Bank of Canada holds interest rate for now, puts more focus on NAFTA

Bank of Canada said more hikes should be expected thanks to encouraging economic stats

The Bank of Canada’s decision to leave its interest rate unchanged Wednesday could be just a brief pause that comes as it carefully follows the unpredictable twists in the country’s trade talks with the United States.

The central bank kept its benchmark at 1.5 per cent, but many experts predict another increase could arrive as early as next month.

In a statement Wednesday, the Bank of Canada said more hikes should be expected thanks to encouraging numbers for business investment, exports and evidence that households are adjusting to pricier borrowing costs.

The bank, however, also made a point of saying it’s closely watching the renegotiation of the North American Free Trade Agreement and other trade policy developments, which could have negative impacts on the Canadian economy. It’s particularly concerned with the potential implications for inflation.

Last week, U.S. President Donald Trump announced he had reached a bilateral trade agreement with Mexico that would replace the three-country NAFTA. He put pressure on Canada to join the U.S.-Mexico deal, but after fresh talks restarted last week Ottawa and Washington have so far been unable to reach an agreement.

Trump notified Congress last Friday of his intention to sign a trade agreement in 90 days with Mexico — and Canada, if Ottawa decides to join them. If a deal can’t be reached, the president has also repeatedly threatened to impose punishing tariffs on Canadian auto imports.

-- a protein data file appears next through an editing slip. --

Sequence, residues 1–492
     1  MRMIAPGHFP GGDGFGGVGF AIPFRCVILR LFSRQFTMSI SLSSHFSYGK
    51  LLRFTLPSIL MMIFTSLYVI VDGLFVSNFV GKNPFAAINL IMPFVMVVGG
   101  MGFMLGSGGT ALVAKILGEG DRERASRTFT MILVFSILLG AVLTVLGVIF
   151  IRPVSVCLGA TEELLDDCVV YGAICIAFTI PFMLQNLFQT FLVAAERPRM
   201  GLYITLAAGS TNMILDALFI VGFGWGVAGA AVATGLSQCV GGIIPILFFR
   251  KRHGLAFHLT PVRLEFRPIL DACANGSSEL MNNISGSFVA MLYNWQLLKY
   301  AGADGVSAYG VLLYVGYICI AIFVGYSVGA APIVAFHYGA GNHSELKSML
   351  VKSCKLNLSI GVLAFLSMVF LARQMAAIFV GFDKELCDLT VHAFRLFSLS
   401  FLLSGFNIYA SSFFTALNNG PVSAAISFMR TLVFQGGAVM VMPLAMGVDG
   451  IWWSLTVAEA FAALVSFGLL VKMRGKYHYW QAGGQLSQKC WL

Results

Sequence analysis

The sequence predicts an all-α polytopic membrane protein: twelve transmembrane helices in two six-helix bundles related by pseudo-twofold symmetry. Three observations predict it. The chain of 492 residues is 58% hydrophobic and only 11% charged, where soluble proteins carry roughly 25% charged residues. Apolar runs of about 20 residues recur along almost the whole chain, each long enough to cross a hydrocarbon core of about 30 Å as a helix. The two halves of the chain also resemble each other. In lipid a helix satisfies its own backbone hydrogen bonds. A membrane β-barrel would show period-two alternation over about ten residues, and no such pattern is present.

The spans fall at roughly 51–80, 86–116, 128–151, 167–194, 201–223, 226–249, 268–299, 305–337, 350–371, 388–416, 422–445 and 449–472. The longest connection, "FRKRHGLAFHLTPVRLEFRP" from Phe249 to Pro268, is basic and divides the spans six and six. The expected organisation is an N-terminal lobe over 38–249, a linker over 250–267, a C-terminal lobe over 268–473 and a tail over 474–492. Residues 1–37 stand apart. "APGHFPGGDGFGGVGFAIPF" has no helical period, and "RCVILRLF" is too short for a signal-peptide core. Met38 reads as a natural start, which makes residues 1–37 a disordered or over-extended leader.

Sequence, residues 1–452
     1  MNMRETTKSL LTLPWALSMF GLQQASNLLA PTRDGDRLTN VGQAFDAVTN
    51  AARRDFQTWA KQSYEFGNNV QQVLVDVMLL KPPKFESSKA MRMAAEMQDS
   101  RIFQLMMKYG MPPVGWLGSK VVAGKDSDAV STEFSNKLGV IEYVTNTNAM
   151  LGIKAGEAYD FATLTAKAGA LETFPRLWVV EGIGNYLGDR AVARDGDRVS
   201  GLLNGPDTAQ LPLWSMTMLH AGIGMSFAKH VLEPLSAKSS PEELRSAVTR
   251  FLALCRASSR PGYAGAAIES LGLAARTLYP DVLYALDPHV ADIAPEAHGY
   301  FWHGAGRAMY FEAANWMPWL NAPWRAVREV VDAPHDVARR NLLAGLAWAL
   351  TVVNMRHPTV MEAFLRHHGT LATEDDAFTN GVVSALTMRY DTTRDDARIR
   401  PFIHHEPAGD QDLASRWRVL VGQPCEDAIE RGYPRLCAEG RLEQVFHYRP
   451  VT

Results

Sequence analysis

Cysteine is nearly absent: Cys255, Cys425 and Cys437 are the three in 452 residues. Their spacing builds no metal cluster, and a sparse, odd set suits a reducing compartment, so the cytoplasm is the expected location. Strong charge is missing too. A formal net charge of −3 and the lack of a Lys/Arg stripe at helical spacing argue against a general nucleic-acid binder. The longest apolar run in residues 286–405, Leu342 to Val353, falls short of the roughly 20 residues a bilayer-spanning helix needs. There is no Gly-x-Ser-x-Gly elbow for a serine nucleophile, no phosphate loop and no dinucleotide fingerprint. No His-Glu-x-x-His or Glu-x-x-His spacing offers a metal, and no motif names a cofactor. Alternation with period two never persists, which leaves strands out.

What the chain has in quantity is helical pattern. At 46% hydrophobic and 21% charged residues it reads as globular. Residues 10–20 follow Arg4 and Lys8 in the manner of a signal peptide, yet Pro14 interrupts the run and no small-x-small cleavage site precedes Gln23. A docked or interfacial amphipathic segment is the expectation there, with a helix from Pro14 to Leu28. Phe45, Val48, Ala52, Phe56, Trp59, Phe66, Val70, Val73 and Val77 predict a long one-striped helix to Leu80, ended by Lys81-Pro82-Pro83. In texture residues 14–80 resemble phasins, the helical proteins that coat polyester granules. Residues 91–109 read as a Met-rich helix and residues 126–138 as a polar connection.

READ MORE: Liberals won’t compromise on culture, dispute resolution in NAFTA talks: Trudeau

READ MORE: No deal yet as NAFTA renegotiation talks turn bitter at critical stage

Frances Donald, head of macroeconomic strategy for Manulife Asset Management, said the Bank of Canada’s explicit mention of NAFTA in Wednesday’s statement suggests the negotiations have become even more important around the governing council’s table.

“They’re sending a message that everything looks as planned… What that says to me is that an October rate hike is still certainly in play,” Donald said about the

However, she said the NAFTA reference gives the Bank of Canada options to possibly stay on hold next month, particularly if trade talks — and the outlooks for the economy and inflation — deteriorate.